Property can be resold (if not despoiled). I don’t see the idea of improvement creating ownership as conflicting as trusts normally increase in value. Doing so would indicate you are a good guardian and ought to continue.

(I’d grant very wide latitude here as to what is considered “improvement” including preserving things in a natural state – finding a really nice acre, different from the hundred others and preserving its state is in a way “improving” it).

Posted by: tz at October 18, 2004 04:47 PM

I am confused about the difference between physical property and intellectual property. Rothbard seemed to imply that all issues of “property rights” are derivatives of some fundamental squatters’ rights pertaining to physical land/resources.

Isn’t the idea of “I ALREADY own that property” the idealism that led to the current plague of patent bullsh*t?

And, without patents, what would keep me from saying to everyone “I’d like to see you PROVE that you already own that property.”

btw: I disagree that forming tactics to deal with a gorilla on a desert island would not interject questions of morality. The argument of the article seems to be “If some living thing can’t reason with me, I can do with it whatever I wish.” A person could TRY to do whatever they wish with a non-human, but the hypothetical gorilla might object with an “argument” that uses no language other than brute strength.

Posted by: Omch’Ar at October 18, 2004 05:57 PM

I’m new to Libertarian ideals, so this question may seem sophmoric. Why is it reasonable to place more value in the property rights of a “first owner”, than in the property rights of subsequent “neighboring owners”? It seems to contradict the idea that every property owner has exclusive rights. In my opinion, the timing of ownership is irrelevent to the rights of the owner. The only real test is whether property has been damaged. If a factory owner polutes the surrounding area without claiming that area and then another owner claims that area, the simple fact is that further polution to that property is damage. The factory owner can protect themselves by either acquiring the property, limiting polution to a non-damaging amount or contracting with downstream owners for polution rights. Otherwise, the future rights of the factory neighbors are being altered without compensation.

Posted by: Dave N. at October 18, 2004 07:55 PM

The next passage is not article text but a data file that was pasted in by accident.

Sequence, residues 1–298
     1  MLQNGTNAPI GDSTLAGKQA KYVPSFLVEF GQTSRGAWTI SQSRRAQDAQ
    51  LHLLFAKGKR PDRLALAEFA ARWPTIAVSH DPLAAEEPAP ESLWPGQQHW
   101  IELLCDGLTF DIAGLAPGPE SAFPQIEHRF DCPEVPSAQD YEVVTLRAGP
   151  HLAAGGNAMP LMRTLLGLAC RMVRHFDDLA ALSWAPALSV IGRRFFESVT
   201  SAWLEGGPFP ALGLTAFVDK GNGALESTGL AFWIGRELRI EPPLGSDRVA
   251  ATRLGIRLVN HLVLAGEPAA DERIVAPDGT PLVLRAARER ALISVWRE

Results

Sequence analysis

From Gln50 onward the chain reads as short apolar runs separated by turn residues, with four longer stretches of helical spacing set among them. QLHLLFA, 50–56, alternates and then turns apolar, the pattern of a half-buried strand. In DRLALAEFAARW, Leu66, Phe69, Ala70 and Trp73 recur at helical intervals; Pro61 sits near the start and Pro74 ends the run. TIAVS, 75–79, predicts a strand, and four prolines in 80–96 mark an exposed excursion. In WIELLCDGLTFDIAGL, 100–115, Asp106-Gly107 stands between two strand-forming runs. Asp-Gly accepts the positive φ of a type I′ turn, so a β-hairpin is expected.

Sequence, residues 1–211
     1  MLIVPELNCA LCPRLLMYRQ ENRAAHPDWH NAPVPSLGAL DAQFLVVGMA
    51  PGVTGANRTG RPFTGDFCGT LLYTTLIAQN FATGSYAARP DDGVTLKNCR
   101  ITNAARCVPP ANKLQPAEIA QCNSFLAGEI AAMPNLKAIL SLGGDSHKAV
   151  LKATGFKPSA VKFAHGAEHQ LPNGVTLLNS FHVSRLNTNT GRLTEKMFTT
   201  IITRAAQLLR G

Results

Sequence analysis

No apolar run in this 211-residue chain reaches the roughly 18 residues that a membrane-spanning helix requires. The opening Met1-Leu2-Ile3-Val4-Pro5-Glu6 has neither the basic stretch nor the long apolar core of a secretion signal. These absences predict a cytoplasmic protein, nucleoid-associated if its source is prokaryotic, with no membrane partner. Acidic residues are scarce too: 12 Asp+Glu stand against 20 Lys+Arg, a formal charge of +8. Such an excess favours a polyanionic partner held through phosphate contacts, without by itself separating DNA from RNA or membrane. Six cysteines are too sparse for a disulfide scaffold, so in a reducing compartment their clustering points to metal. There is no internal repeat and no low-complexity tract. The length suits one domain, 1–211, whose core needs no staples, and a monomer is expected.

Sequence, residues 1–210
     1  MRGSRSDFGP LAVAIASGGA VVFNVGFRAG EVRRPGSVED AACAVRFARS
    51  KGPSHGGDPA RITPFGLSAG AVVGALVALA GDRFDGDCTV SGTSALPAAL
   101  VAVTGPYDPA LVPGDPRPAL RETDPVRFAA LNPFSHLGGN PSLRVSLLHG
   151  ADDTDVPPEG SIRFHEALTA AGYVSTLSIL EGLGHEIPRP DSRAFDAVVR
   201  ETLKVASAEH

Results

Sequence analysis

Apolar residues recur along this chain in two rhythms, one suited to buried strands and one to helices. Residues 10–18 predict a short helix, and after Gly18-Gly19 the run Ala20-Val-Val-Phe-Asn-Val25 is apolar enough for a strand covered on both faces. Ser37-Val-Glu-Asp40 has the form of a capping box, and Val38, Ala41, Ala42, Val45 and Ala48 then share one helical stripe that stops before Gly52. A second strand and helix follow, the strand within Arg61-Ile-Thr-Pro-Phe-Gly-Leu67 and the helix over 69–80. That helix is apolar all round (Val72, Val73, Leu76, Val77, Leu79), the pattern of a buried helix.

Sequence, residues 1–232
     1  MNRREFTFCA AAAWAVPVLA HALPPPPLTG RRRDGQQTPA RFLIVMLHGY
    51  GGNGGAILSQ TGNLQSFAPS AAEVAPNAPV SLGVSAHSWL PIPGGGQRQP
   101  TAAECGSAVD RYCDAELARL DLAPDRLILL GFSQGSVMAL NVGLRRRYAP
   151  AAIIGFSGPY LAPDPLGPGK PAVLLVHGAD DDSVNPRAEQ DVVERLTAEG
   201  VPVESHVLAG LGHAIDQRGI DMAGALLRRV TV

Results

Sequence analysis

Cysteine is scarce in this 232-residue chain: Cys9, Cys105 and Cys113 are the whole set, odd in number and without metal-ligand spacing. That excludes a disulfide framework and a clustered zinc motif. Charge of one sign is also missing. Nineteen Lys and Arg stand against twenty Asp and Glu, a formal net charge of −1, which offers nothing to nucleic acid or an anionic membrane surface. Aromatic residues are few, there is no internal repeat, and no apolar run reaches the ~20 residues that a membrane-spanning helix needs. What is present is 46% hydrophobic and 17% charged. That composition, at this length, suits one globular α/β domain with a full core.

Dave,
The alternative would be allowing later owners to infringe on the rights of existing owners. For example (this is ongoing in my hometown): I move into a neighborhood next to a hospital, which I know full well is a trauma center that operates a medical evacuation helicopter 24 hours a day to airlift seriously injured people to the hospital. Do I then have a right to demand that the hospital stop doing so, since the comings and goings of choppers interfere with my peace and quiet, even though I knew they were there when I moved in? What rights do I have that are being altered? Should the hospital owe me under these circumstances?

Posted by: Lisa Casanova at October 19, 2004 04:25 PM

Lisa,
The difference here is that noise (at least at the levels of a trauma center) is not a property damaging polutant. If the hospital had been surrounded by unclaimed property that they routinely dumped medical waste on and then you moved in and claimed an adjacent lot, would the hospital have the right to continue dumping medical waste on your property? Property owners, regardless of order of ownership, should be liable for the physical damage they cause to the property of others. In this sense, the question becomes what constitutes physical damage?

Posted by: Dave N. at October 19, 2004 06:04 PM

I think the discussion so far shows that we should not expect a one-size-fits-all rule to solve all the problems associated with nuisance, pollution, and other spill-over effects.
These are matters that should be addressed on a case-by-case basis, by a convention of all the parties directly involved or by a judge. In these cases, the particulars matter. Casting the problem in the format “Should the first owners or later arrivals prevail?” simply makes no sense.

Posted by: Paul C at October 19, 2004 06:05 PM